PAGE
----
Of course, maybe he really meant 1 Peter 1:7, or 2 Peter 3:7, or some other passage that refers to fire but not hell, even though most of the passages I find pretty much equate testing by fire with the Judgment Day and hell. So Huckabee’s protests that the reference to fire doesn’t also refer to Hell or Judgment hold about as much water as that colander I used to strain my spaghetti last night.
Let’s examine the the three points of that disgusting commercial.
The right to life from conception to natural death
Nowhere in the Bible does any religious authority, real or imagined, claim that life begins at the moment of conception. I’d cite verses where it says so, but there aren’t any.
Let’s face it: The Biblical God is not pro-life. He advocates and permits child murder, infanticide, child abuse, and, yes, abortion. Fundamentalist Christians rely on such passages as “thou shall not kill” Exodus 20:13 and Deuteronomy 5:17 (one of the commandments), and “If men strive and hurt a woman with child, so that her fruit depart from her, and yet no misfortune follow, he shall be surely punished according as the woman’s husband will lay upon him; and he shall pay as the judges determine.And if any misfortune follow, then thou shalt give life for life,eye for eye, tooth for tooth, hand for hand, foot for foot,burning for burning, wound for wound, stripe for stripe.” Exodus 21:22-24. Although the Exodus passage seems to be a favorite among the anti-choice crowd, I would point out that the harm mentioned in it is harm to the woman, not to the aborted or miscarried fetus.
God’s favored prophets prayed for abortions. Don’t believe me? Read Hosea 9:11-16. This same favored prophet also advocated ripping the fetuses out of the wombs of pregnant women in Hosea 13:16, something the God-favored King Menahem of the Israelites proudly did in 2 Kings 15:16, too. There’s even a ritual to induce an abortion in a faithless wife in Numbers 5:21 (presumably done instead of stoning her, although when stoning and when abortion is the proper course of action, the Bible doesn’t say).
So God is definitely not pro-life, at least for fetuses. But what about hastening death? Apparently the fundamentalist Christians also don’t like euthanasia, mercy-killing, or assisted suicide, either. They want people to suffer. This is where compassion gets thrown to the wind by these Christians. Suicide is tantamount to murder, in their eyes.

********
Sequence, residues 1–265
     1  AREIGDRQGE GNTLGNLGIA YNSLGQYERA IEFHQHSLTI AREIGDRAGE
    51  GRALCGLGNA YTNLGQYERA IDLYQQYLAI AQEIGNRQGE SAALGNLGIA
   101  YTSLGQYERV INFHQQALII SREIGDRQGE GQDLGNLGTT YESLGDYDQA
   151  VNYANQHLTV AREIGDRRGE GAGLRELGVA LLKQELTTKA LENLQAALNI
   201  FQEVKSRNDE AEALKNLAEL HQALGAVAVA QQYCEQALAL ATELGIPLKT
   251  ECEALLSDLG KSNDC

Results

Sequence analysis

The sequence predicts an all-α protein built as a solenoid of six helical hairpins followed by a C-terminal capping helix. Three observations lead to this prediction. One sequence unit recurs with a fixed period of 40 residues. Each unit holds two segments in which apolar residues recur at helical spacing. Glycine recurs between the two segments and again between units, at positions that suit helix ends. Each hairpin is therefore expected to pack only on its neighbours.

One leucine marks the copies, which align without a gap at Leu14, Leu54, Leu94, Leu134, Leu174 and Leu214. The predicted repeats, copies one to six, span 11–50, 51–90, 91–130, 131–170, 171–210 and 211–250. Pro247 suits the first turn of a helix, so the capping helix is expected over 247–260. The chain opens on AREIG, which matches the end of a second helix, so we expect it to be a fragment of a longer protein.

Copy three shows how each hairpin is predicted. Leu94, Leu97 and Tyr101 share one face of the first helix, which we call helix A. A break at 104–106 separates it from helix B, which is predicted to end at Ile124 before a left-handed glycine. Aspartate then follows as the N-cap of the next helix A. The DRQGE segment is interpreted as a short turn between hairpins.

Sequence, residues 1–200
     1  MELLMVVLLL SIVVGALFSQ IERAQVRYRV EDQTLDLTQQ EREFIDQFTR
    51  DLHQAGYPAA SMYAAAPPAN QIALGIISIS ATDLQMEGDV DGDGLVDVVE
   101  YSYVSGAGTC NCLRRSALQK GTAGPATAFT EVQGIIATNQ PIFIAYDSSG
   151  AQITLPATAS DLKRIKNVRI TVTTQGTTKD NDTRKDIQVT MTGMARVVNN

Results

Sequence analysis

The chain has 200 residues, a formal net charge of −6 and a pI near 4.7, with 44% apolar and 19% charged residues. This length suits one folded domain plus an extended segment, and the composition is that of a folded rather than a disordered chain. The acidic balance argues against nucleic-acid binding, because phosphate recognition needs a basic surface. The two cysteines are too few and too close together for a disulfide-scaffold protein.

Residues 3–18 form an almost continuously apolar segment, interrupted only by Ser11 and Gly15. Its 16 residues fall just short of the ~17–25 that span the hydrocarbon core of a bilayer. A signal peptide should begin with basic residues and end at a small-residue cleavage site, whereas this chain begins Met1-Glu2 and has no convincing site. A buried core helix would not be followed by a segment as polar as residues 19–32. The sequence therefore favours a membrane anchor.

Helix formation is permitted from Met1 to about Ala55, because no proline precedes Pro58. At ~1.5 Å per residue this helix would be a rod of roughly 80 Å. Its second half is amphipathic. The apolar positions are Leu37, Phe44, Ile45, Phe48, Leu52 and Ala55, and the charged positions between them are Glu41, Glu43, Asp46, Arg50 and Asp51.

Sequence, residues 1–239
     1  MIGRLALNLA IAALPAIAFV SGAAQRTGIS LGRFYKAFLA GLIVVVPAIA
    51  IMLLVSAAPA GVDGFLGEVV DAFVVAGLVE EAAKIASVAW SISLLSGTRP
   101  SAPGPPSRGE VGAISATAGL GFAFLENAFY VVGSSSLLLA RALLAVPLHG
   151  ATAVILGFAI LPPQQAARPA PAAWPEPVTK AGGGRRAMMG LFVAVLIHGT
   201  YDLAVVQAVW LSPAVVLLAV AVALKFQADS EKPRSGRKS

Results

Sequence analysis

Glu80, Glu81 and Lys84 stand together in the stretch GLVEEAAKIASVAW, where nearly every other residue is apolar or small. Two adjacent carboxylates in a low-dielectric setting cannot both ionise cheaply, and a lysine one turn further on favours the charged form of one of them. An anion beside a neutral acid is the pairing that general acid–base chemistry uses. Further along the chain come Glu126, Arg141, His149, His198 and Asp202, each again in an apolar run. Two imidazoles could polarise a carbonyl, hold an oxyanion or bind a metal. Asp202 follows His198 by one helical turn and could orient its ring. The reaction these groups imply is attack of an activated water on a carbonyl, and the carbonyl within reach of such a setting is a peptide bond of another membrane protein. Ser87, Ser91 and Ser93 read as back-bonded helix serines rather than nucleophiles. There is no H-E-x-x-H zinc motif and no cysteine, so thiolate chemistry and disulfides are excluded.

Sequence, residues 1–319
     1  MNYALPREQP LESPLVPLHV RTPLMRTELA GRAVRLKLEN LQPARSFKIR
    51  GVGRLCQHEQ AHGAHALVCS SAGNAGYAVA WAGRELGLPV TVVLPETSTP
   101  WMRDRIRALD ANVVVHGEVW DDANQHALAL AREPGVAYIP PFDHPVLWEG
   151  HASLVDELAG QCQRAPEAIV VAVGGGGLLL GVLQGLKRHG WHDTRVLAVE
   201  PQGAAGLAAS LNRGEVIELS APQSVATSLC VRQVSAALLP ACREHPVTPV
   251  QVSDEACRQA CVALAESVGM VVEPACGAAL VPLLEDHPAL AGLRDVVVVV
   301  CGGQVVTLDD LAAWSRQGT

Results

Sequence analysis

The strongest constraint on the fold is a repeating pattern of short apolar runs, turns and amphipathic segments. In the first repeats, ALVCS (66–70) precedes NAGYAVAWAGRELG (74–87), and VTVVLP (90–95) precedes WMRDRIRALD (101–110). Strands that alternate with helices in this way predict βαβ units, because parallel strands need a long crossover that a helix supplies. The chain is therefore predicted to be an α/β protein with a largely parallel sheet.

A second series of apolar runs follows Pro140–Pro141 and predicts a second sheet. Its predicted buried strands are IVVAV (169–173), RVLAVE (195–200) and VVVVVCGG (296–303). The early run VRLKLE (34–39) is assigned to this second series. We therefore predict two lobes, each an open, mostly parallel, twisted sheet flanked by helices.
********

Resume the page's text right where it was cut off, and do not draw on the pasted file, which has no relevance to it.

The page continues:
The Bible reports several suicides (Ahithophel; Saul and his armor-bearer; Samson; Zimri, who was king of Israel for only seven days; and Judas Iscariot) and men who want to be stricken dead (Moses, the prophet Elijah, and Jonah – twice) but nowhere in the Bible does it condemn them for that. The Bible also reports mercy killings, without reference to judgment, except in the case of the Amalekite who lied to David about killing Saul. Saul himself was not condemned for asking to die. Abimelech begged his armor-carrying servant to kill him in Judges 9:52-54, because he lost a battle and could not bear the indignity of his inevitable murder at the hands of (gasp!) women. There was no judgment attached to Abimelech’s death.
So, there does not seem to be a problem with euthanasia, either. Huckabee’s first point fails, on both counts.
Marriage should be reinforced, not be defined
This one is so easy it’s almost a no-brainer. I cannot grasp why these wackjob Christians think that the Bible defines marriage as between one man and one woman. Jon Stewart jumped on this pretty fast, pointing out that the biblical definition of marriage is polygamy. Although Huckabee tried to say it isn’t, he cited no biblical authority for his position other than the Adam and Eve story. Lots of biblical marriages came after that one. Furthermore, it’s not real clear that Adam and Eve ever actually tied the knot. They sort of hooked up because of the dearth of others of their same species to choose from, and apparently shacked up, never going that extra step of committing to each other monogamously. They had no other options but bestiality.
So it stands to reason that yes, marriage could stand to be defined. But to say it’s biblical marriage really leaves the door wide open.
Because if you let your servant get married, and he leaves your employment, his wife and children are yours unless the servant agrees to stay and have his ear bored through with an awl. (Exodus 21:6) I’m not clear whether this means the servant’s earlobe gets pierced, or if his eardrum gets pierced. Either way, it’s pretty barbaric. But, that’s one definition of Biblical marriage.